Adichie Wins U.K. Book Prize
Thursday, June 7, 2007
LONDON, June 6 -- Nigeria's Chimamanda Ngozi Adichie has won Britain's Orange Prize for fiction by women, becoming the first African and the youngest author to take the award in its 12-year history, organizers said Wednesday.
Adichie, 29, won the prize for "Half of a Yellow Sun," set during the Nigeria-Biafra conflict of the 1960s.
"I can only tell you how profoundly happy I am," she said, collecting the award at a London ceremony. "Now I have to go and make a phone call to Nigeria."
She beat out finalists including India's Kiran Desai and American Anne Tyler for the $60,000 prize, awarded for a novel by a woman published in English. "Yellow Sun" was a finalist earlier this year for the National Book Critics Circle fiction prize.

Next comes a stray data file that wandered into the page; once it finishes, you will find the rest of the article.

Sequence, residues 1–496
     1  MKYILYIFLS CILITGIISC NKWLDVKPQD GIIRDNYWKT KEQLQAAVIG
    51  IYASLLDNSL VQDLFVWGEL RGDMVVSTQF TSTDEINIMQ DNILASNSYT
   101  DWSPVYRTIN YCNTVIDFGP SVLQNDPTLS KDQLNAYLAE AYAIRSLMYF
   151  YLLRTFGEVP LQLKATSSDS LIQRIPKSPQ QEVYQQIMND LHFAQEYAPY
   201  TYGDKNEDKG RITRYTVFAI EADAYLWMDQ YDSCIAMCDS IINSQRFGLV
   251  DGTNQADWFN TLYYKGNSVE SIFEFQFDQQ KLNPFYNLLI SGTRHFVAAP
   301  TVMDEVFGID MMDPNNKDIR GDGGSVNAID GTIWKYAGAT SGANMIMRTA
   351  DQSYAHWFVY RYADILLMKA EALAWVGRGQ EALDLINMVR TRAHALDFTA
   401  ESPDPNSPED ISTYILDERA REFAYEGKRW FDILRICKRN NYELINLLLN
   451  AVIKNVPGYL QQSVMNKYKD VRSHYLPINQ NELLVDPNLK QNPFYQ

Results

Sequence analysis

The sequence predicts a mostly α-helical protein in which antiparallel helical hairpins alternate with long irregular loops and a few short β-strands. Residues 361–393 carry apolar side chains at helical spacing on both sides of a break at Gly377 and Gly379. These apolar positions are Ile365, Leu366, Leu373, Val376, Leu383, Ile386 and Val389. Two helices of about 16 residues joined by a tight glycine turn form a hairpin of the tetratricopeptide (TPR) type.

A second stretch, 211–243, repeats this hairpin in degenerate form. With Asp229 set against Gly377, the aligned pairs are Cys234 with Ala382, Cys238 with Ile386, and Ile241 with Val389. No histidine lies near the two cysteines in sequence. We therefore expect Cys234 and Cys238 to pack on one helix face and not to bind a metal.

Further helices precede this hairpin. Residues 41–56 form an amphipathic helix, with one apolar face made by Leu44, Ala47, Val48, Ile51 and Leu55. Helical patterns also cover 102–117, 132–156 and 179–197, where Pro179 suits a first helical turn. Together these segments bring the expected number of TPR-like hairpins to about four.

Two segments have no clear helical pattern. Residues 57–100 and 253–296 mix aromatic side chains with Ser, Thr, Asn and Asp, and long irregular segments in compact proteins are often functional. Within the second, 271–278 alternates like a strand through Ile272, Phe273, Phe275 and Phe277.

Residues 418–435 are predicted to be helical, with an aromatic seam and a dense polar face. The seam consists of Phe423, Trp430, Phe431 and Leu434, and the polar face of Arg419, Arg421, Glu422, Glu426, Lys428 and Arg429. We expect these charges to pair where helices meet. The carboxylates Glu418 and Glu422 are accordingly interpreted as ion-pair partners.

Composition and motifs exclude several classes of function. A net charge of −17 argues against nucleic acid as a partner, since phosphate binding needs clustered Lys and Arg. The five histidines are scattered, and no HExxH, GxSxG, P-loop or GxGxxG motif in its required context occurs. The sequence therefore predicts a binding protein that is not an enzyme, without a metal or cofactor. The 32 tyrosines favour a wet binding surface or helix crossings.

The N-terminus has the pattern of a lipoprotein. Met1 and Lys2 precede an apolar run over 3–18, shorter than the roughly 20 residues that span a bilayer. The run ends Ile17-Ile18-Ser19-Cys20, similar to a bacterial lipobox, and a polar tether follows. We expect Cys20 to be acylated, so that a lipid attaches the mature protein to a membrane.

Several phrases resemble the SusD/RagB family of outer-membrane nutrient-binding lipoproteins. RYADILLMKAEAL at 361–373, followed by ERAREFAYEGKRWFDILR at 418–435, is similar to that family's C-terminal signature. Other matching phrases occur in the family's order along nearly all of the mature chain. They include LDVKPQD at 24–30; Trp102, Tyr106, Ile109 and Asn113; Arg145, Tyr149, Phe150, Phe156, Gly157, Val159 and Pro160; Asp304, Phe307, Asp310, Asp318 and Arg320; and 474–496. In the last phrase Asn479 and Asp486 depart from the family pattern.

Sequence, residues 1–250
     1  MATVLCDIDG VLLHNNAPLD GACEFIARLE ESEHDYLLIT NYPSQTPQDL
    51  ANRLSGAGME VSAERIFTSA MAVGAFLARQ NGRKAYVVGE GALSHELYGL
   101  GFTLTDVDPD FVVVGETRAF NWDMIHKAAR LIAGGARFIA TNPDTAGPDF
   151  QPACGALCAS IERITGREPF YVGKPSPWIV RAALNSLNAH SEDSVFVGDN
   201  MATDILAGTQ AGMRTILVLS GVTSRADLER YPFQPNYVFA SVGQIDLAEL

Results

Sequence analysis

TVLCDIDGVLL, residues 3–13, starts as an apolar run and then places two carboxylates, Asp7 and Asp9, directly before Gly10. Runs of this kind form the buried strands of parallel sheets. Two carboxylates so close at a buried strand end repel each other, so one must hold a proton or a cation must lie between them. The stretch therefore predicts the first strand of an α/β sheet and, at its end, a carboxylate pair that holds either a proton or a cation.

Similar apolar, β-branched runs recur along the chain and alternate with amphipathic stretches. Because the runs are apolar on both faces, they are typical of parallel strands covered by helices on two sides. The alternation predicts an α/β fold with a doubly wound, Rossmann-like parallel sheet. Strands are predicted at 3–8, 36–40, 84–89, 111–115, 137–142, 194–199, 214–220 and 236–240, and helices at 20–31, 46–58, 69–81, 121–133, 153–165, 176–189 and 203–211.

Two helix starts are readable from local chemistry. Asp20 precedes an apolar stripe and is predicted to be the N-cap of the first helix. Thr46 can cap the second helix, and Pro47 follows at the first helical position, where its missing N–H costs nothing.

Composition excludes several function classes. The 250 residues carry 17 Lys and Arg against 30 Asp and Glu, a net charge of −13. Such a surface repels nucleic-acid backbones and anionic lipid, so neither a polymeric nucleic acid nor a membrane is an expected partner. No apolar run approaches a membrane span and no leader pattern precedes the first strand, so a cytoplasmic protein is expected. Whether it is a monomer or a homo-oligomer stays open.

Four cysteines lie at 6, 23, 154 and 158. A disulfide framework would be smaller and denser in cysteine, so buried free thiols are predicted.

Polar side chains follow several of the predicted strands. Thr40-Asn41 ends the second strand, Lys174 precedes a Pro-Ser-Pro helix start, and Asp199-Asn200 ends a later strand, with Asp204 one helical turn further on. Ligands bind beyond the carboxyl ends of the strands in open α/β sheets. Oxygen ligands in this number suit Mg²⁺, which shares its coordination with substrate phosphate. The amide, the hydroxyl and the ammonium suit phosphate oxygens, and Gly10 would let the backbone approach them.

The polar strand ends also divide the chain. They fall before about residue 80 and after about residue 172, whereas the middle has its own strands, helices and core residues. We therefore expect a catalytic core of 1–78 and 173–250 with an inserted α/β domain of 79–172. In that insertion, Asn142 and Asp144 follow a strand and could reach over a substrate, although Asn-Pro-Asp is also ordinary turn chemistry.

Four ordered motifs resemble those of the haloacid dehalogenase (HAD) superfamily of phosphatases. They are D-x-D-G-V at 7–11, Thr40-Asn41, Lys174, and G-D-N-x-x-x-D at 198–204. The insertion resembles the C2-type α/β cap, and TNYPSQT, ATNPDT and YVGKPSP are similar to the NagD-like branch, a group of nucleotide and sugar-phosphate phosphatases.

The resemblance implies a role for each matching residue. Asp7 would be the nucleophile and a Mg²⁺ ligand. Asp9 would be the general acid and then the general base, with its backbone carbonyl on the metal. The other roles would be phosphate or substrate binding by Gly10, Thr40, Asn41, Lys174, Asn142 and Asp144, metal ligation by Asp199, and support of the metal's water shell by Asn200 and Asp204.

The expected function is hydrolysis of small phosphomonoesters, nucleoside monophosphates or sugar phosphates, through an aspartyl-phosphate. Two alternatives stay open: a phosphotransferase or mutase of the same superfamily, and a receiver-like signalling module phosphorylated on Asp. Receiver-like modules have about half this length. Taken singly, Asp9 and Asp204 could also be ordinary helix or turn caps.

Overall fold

"The judges and I were hugely impressed by the power, ambition and skill of Adichie's novel," said Muriel Gray, head of the judging panel. "It's astonishing, not just in the skillful subject matter, but in the brilliance of its accessibility. This is a moving and important book by an incredibly exciting author."
Adichie had previously been a finalist for her debut novel, "Purple Hibiscus," in 2004.
The award's full title is the Orange Broadband Prize for Fiction, after its sponsor, the telecommunications company Orange.
This year's finalists also included first-time British novelist Jane Harris for "The Observations," China's Xiaolu Guo for "A Concise Chinese-American Dictionary for Lovers," and Britain's Rachel Cusk for "Arlington Park."